Which Impacts Your Weight More: Exercise or Diet?

which is more importantby Melissa Diane Smith

Knowing the right answer to that question can make a difference in whether you drop excess pounds or not.

Q: I want to lose weight in the new year. I am thinking of joining a gym and starting a regular exercise program to drop the extra pounds. Is exercise really more important for losing weight than what I eat?

A:  No, it’s not. Scientific evidence supports that changing your diet is the most important factor – and much more important than physical activity – in whether you lose unwanted weight. Furthermore, whether you believe that or not appears to have a big bearing on controlling your weight.

Virtually all of us have heard that we can eat anything we want “in moderation” and burn off the extra calories through exercise to lose or maintain our weight. But the 2014 documentary Fed Up says: “Everything we’ve been told about food and exercise for the past 30 years is dead wrong.” The idea that we can exercise away excess weight is a message food manufacturers have pushed on all of us; health professionals, the media, and television shows have picked up on it; and we now accept it as fact. But following that strategy isn’t working for people who need to lose weight, and that’s why the United States and other countries are not winning the battle of the bulge.

Fed Up explains that the food industry adds high-calorie, high-carbohydrate, nutrient-void sugar to 80 percent of the foods offered in a typical supermarket and wants us to believe that we can eat and drink any sugar-rich foods and beverages it creates without gaining weight or developing any health problems from doing that. Consequently, countless people start each new year off ignoring the importance of the type and quality of the food and drinks they consume and vowing to hit the gym hard. They keep trying to exercise more and usually fail and give up on losing weight within the first month of trying.

The Scoop on Exercise

Exercise offers numerous benefits, such as keeping certain diseases like heart disease at bay, boosting your mood, and improving sleep. But repeated studies have shown that many people who begin an exercise program lose little or no weight. Some, especially those who do fiery spurts of vigorous exercise, gain weight. Sure, exercise burns calories, but it also can stimulate hunger and cause us to eat more calories – in effect, canceling any weight-loss benefits we thought we might receive.

Research indicates that people who exercise strenuously eat more calories throughout the day than those who don’t. Whether that’s because exercise makes people more hungry or because people are more tired, have less self-control, or want to reward themselves after pushing themselves to work out, it’s common for people to both eat more foods and eat junkier foods after going to the gym. This phenomenon is so common, it’s something TIME magazine wrote about in a 2009 article entitled “Why Exercise Won’t Make You Thin.”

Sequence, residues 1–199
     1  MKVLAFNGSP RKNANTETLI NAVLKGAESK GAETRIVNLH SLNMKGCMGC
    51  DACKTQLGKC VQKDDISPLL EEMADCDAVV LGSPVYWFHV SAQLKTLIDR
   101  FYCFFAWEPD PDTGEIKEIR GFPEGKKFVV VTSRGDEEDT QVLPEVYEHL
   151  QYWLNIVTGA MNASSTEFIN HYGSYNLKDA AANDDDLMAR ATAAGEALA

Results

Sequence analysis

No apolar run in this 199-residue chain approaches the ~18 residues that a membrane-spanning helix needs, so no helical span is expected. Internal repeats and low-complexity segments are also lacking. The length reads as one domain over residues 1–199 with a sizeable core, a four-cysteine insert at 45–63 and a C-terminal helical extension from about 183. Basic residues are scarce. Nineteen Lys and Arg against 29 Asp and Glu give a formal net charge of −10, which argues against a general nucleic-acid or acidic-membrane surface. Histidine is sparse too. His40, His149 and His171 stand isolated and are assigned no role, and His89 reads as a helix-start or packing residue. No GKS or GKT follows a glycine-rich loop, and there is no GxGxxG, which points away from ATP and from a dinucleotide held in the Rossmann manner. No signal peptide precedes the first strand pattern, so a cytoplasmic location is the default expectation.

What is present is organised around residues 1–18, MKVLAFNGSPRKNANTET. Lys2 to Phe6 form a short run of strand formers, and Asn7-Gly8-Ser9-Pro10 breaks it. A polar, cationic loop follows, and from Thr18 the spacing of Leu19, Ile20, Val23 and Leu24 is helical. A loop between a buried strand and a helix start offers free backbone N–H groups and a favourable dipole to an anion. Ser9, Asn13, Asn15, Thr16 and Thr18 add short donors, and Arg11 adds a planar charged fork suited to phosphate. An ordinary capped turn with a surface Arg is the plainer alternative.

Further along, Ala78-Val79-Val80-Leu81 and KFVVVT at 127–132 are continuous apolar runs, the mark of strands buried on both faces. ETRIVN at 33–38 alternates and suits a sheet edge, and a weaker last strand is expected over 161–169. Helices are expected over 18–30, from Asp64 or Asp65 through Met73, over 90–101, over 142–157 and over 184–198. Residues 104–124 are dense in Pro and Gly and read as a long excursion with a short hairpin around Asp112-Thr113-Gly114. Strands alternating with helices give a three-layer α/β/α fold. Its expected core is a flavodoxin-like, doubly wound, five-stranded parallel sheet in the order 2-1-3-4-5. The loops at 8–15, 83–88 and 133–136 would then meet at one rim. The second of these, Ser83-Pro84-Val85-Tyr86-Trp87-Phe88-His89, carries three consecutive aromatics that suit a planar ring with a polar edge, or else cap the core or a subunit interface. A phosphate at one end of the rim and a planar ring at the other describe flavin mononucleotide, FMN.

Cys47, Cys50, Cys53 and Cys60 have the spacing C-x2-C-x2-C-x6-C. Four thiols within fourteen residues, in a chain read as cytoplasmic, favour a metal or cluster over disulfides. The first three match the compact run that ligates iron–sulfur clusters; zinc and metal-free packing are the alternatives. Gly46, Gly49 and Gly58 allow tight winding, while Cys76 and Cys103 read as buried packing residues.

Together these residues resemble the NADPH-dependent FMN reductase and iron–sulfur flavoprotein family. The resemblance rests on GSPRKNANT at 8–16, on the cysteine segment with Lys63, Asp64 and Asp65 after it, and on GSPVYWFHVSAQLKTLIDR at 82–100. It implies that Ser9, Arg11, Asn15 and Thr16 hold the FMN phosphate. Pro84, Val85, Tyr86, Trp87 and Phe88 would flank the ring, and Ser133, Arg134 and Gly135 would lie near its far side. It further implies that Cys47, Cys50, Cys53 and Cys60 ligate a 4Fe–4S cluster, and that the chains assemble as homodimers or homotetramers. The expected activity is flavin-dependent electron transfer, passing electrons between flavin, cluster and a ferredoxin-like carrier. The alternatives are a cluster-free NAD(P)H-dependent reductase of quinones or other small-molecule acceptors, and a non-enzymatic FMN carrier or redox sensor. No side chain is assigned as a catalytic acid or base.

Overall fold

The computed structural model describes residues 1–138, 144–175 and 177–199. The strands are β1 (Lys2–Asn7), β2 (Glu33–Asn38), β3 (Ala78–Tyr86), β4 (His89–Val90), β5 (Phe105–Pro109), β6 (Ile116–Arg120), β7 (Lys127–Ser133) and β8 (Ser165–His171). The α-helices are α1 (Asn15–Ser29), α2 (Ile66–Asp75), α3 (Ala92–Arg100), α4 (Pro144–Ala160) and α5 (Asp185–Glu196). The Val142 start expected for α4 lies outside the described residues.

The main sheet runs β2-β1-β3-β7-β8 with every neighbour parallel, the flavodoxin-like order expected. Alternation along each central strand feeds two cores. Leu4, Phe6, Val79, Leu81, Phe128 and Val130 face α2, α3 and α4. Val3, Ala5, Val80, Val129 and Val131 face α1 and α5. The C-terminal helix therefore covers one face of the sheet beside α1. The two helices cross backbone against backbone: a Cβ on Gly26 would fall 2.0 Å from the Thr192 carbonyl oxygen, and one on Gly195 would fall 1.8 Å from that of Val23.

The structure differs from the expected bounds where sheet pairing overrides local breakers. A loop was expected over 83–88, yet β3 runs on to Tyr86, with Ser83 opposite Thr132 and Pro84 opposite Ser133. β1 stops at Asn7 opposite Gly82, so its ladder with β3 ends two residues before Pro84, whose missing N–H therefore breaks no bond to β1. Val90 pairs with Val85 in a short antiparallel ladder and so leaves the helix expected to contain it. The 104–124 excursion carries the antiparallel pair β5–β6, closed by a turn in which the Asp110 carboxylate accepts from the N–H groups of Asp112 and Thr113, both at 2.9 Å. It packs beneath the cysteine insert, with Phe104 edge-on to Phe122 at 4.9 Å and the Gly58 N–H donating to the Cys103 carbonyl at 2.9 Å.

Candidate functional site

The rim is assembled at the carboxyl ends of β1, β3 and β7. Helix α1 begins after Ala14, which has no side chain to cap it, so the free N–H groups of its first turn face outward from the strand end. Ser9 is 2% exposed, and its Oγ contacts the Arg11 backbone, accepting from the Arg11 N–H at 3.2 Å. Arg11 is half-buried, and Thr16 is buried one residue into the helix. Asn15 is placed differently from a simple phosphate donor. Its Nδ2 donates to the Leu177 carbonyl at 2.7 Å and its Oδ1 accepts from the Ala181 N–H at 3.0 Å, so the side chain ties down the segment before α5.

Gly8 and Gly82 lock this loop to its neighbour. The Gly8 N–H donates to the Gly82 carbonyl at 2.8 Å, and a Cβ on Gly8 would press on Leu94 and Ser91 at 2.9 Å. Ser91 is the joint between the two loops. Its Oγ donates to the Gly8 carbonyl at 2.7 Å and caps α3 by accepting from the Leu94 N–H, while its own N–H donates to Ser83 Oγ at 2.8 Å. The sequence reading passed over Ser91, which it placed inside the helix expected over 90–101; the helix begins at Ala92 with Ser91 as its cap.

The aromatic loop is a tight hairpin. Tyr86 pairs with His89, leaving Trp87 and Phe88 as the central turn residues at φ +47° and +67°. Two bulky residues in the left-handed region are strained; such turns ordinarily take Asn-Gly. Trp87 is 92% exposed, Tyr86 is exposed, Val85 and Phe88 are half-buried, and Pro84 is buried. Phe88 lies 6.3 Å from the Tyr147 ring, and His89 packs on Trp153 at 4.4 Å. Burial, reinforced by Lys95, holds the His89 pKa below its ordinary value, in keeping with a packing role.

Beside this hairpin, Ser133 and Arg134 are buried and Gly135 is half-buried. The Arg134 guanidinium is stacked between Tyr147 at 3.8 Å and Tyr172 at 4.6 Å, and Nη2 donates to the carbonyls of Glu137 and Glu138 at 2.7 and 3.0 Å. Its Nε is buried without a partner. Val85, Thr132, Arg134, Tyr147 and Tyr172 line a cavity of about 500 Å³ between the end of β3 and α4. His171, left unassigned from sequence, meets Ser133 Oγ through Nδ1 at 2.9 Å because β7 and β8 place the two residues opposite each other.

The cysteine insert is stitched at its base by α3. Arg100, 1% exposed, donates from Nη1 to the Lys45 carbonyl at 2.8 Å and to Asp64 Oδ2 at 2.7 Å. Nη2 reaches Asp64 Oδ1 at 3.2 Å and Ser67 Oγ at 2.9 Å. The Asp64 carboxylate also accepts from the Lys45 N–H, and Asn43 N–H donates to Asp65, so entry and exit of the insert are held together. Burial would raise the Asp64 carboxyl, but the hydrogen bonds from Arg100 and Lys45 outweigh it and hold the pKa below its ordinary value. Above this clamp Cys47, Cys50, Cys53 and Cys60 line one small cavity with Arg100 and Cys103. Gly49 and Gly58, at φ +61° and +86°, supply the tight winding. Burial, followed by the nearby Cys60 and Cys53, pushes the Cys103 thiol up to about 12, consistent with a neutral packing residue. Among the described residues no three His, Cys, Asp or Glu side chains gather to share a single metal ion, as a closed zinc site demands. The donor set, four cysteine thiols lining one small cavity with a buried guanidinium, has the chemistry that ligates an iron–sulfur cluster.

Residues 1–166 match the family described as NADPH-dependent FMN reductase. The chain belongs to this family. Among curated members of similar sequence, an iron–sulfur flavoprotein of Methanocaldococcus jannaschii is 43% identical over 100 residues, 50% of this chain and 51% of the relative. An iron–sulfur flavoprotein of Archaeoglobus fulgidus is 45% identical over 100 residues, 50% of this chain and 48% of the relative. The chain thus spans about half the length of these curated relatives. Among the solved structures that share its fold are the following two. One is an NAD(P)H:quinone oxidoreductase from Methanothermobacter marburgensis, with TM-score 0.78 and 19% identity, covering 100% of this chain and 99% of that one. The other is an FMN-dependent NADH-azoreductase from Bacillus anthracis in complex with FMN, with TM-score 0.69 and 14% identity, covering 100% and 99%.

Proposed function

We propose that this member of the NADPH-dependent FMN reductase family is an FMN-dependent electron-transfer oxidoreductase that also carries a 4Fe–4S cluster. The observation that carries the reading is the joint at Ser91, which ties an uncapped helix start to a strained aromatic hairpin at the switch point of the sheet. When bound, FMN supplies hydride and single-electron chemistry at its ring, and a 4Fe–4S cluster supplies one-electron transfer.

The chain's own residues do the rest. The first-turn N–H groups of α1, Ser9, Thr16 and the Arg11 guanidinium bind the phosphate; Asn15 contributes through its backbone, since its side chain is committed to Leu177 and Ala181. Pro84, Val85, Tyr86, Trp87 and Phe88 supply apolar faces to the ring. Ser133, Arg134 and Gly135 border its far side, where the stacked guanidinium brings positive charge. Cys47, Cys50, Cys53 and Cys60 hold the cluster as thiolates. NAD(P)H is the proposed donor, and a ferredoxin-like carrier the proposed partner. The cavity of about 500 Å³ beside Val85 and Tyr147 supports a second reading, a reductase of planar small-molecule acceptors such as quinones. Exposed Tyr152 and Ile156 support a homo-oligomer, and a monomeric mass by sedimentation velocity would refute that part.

What You Believe is Important

Your everyday beliefs about whether you believe exercise or diet is the key to weight loss guide your actions and the actual likelihood of being overweight, according to six studies published in 2013 in the journal Psychological Science. In the studies, researchers asked a total of more than 1,200 people in the U.S. and four other countries about the main factor that makes people overweight. They found that those who said it’s most important to exercise to prevent obesity had a higher body mass index (BMI) – in other words, were more likely to be overweight – than the people who said eating right was the key. In two of the studies, when researchers offered participants unlimited chocolate, those who said they think staying active is the key to maintaining a healthy weight, ate more.

So, if you are serious about wanting to lose weight effectively this year, restructure your beliefs. Buck the frenetic exercise trend and focus on what you eat. That’s the part of the obesity and overweight problem nearly everyone has missed.

Copyright 2015 Melissa Diane Smith


Want more in-depth help on how to lose weight from me? Learn about my 2015 New Year’s special on nutrition counseling or coaching here or see my Nutrition Consultations and Coaching page here.


I am the Ask the Nutritionist columnist in 2015 for Better Nutrition magazine, and the answer above is my first column for the new year. Feel free to send a question you would like answered in the column to email hidden; JavaScript is required.


Selected References:

Fed Up [documentary]. Directed by Stephanie Soechtig. Atlas Films, 2014.

Cloud, John. The Myth About Exercise: Why Exercise Won’t Make You Thin. TIME, August 17, 2009, pgs. 42-47.

Beliefs about Causes of Obesity May Impact Weight, Eating Behavior. Association for Psychological Science, June 18. 2013. http://www.psychologicalscience.org/index.php/news/releases/beliefs-about-causes-of-obesity-may-impact-weight-eating-behavior.html.

McFerran, Brent, Mukhopadhyay, Anirban. Lay Theories of Obesity Predict Actual Body Mass. Psychological Science, June 10, 2013. DOI: 10.1177/o956797612473121.

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